“Where are your parents?” Lisbeth asked thoughtfully.
The korinthidon acted as if she was about to cry.
“I don’t mean to hurt you,” she said thoughtfully. “I haven’t seen any of your kind around all day. Are you hiding from some sort of trouble?”
The dinosaur nodded her head, as if to agree.
“Is there any way I can help you?”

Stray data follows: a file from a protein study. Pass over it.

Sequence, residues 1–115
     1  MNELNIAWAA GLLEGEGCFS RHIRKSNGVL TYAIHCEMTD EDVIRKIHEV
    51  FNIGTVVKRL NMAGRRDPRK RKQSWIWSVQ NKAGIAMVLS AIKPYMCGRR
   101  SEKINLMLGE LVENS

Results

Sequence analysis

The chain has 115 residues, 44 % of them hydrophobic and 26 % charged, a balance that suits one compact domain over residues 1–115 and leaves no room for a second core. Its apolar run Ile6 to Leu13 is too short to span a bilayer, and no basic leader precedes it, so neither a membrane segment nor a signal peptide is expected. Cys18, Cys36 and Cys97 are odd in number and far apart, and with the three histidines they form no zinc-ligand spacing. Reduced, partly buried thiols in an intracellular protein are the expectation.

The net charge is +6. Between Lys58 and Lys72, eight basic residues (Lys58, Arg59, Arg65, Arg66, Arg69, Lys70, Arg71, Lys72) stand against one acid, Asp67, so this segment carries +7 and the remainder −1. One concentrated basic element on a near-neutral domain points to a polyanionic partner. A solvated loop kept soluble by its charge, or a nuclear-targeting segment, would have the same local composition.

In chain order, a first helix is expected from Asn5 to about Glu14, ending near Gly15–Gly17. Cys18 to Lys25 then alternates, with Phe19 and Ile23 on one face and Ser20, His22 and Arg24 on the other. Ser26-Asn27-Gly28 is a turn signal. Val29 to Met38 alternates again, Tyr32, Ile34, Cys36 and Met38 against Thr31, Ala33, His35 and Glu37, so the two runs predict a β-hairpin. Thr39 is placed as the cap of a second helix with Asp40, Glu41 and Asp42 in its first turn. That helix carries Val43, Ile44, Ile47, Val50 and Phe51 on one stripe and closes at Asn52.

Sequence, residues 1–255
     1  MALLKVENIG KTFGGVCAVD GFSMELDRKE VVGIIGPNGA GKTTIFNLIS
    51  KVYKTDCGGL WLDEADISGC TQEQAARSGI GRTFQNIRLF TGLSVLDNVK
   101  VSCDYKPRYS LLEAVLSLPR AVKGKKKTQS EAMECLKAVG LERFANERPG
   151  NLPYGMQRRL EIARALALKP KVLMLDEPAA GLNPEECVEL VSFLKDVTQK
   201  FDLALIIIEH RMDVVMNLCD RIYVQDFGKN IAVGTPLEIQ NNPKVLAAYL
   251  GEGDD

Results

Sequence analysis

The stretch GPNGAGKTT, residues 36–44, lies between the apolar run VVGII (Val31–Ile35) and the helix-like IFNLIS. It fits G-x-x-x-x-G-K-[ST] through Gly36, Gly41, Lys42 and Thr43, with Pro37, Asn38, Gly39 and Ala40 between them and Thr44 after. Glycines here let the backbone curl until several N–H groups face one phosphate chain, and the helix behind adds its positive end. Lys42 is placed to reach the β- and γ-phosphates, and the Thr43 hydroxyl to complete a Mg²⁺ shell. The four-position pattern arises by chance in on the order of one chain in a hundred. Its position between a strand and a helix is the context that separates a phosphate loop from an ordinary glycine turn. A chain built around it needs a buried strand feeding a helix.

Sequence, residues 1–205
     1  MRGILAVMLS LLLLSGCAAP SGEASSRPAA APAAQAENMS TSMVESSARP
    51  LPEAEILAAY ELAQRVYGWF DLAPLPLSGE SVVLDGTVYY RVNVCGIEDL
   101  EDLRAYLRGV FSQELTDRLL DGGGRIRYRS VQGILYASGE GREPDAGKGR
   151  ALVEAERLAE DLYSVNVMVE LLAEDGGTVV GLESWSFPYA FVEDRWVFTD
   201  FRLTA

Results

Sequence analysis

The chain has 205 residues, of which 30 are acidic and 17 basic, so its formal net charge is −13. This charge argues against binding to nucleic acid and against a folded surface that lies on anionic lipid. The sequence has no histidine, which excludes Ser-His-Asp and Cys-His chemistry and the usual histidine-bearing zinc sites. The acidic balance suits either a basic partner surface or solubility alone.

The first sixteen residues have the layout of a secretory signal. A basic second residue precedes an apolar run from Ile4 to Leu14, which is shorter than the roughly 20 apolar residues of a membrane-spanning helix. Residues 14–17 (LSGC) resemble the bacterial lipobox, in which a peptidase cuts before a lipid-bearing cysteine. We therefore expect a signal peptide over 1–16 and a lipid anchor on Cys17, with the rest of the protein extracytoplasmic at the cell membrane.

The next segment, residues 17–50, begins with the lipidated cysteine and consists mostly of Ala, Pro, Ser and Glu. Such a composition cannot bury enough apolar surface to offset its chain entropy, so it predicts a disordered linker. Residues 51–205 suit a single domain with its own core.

The dinosaur looked particularly thoughtfully at her, and after a pause of some seconds, rushed up to her and put her head together with Lisbeth’s. At first Lisbeth was very shocked, but before too long she realized what was going on, and that this scared young dinosaur was bonding with her. She wondered if this would help her complete her assignment, and figured that it would be sufficiently terrorizing to her classmates to bring a korinthidon to class that she had bonded with. At his moment she felt a great sorrow, and understood why it was that she had heard the dinosaur howling. The dinosaur’s feelings were somewhat complicated, but definitely very bad. First, the dinosaur seemed to be afraid of people, and missing her parents, which Lisbeth had been able to figure out. She probably came here because as loyal and patriotic servants of the empire, her family was probably the friendliest family to the dinosaur and her kind that could easily be found. In that, the dinosaur had guessed quite correctly that this was a safe place for her to be. There appeared to be more going on, though, a deep mourning over the passing of someone truly great. She wondered what it meant, and did not fully understand it, but there was a heaviness in her spirit all the same that she could not help but feel to the core of her being, even without knowing who she was mourning for.